The truss should have a significantly greater righting torque. I’ve worked through the math once before and posted it. I’m busy today, so I don’t have the time to do it again. I’ll try to draw some diagrams and post them later tonight along with the math again.

I don’t want to be too specific, but I will say that I don’t think a single spar is a good design for a large seastead, although I agree with Wayne that it’s good for a small one.

As before, I agree that the maximum torque is greater with a truss but don’t think my models got to where it makes a difference. To be clear, I am not arguing with your math and you don’t need to work it out again. I think as long as you are in the range where the ropes are all in tension that pulling on ropes is the same as pulling on beams. This means the weight is always under the cylinder. But if you have a 2 foot truss and a 1 foot wide cylinder, you have to tip a lot before you get past the edge and the truss wins.

The truss wins because it gets to multiply by the length of the truss as opposed to the cable system where it is the radius of the cylinder. Let me try the math again:

Let L be the distance from the center of buoyancy to the ballast mass M. Let r be the radius of the cylinder. For the truss, the righting torque is:

For the wire ballast, there is the critical angle c, which is when the mass is directly under the cylinder edge. I am assuming that the cable is attached to the cylinder horizontal to the center of buoyancy. For this situation:

The second equation can be rewritten as:

which will be reused below.

For the cable guy system, the torque for angles between 0 and c is:

For angles greater than C, the maximum torque is:

At the same critical angle for the truss, using the equation for sin(c) above:

If L = 4r (what you used in your example):

Thus, the truss has 4 times the maximum torque of the cable system when L = 4r. After the cable system exceeds a tilt of c, no additional torque is applied to the system. For the truss system, the longer L is, the greater the torque multiplier. For the guy wire system, longer L, reduces the critical angle c.

Honestly, by the math, the truss system completely beats the guy wire system.

The ropes don’t go slack:

Before we get to the criticle angle “c” for the hanging ballast, so angles between 0 and c, I think the truss and the cables have the same torque. Do you agree? If not, do you think replacing the straight part of the ropes in my latest video with rods would make any difference? If so, why? Nothing would push on the rods and a pull on a rod does the same thing as a pull on a rope.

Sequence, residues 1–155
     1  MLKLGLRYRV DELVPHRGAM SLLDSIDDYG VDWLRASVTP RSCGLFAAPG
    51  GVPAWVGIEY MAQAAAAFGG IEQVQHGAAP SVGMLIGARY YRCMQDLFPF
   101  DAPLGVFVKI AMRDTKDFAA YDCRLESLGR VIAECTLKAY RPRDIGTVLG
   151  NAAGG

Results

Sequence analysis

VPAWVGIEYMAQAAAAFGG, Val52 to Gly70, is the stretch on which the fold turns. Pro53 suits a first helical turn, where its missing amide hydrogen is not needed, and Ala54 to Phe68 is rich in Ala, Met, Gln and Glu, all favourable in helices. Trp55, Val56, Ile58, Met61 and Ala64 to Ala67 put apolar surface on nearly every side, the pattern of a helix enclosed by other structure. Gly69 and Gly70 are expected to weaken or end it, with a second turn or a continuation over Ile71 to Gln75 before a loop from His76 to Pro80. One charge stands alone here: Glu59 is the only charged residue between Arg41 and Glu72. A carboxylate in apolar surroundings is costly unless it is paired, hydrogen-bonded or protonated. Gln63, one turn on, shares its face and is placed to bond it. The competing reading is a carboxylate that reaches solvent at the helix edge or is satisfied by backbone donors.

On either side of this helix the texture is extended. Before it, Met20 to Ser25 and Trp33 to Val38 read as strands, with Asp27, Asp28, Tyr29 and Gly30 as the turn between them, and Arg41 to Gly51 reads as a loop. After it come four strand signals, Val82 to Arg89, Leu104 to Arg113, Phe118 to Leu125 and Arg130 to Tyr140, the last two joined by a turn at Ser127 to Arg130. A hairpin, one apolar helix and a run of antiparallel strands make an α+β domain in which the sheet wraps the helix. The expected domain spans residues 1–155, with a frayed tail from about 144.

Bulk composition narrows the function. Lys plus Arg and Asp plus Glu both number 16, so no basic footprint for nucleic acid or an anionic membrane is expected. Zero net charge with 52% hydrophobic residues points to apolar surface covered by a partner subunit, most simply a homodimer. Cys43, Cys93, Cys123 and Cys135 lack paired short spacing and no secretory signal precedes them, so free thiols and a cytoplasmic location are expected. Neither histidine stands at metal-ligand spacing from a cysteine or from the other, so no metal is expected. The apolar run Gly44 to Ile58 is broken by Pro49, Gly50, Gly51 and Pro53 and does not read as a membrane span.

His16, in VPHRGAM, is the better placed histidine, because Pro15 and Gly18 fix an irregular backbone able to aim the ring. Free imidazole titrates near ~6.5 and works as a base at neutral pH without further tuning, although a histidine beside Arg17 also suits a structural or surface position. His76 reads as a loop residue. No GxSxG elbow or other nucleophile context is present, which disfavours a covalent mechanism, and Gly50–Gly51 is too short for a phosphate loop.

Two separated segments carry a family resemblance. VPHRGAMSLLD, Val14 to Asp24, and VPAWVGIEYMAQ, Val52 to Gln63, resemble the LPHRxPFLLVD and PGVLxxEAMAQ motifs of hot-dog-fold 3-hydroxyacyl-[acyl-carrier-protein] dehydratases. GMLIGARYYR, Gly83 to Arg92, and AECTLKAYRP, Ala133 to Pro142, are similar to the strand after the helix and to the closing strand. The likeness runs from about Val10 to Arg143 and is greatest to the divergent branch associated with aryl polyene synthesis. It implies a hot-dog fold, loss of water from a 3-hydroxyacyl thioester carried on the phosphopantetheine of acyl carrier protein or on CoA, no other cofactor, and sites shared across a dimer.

>Thus, the truss has 4 times the maximum torque of the cable system when L = 4r.

I made a page with a bunch of videos from my “Short Cylinder” experiments. I think my best result was with a second bucket underwater. This held the 20 lbs and provided drag against movement in the water (up/down/sideways) and the extra inertia of the water (no lid but still gets inertia).

I agree, the double bucket experiment looked pretty good. Assume a 1:50 scale, those waves were pretty substantial – 35′-45′. I suspect that people would be a bit uncomfortable, but in no danger of dying if that model were scaled up by a factor of 50.

For a truss system, I would add a heave plate to reduce up/down motion. I have no idea what a heave plate would do to a cable system.

I remain pretty convinced that a short cylinder with attached ballast is going to cheaper than a boat and probably more comfortable in heavy seas. It looks safer to boot.

(I appreciate the patience it takes to just sit there in the water for 10 minutes and just shoot video.)

The double bucket had about 4 feet of rope between the buckets. Each bucket is about 1.5 feet long, so the total length for the system is about 7 feet. For sure the bucket reduces heave (both because of increased drag and increased inertia). If you ever had heave plates big enough that the ballast could not drop fast enough to keep the ropes from going slack, there could be trouble. I think that is much bigger than the area of the bucket.

I couldn’t tell how bit the bucket is (no reference object). I think 1:25 is a more accurate scale.

So I can slide some 2 foot sections of PVC pipe (have some 3/4 inch around) over the 4 ropes. So I think an experiment to test out rods vs ropes is not very hard and so will do it. I also think there could have been a small amount of stretch in the ropes, or they might not have all been exactly the right length, so this might just help. Also, the extra sideways drag of the pipe vs just a very small rope could make it work better.

Thank you, Patri, for this update. It’s good to hear that we are getting more media coverage, and that the basics for this plan is progressing nicely.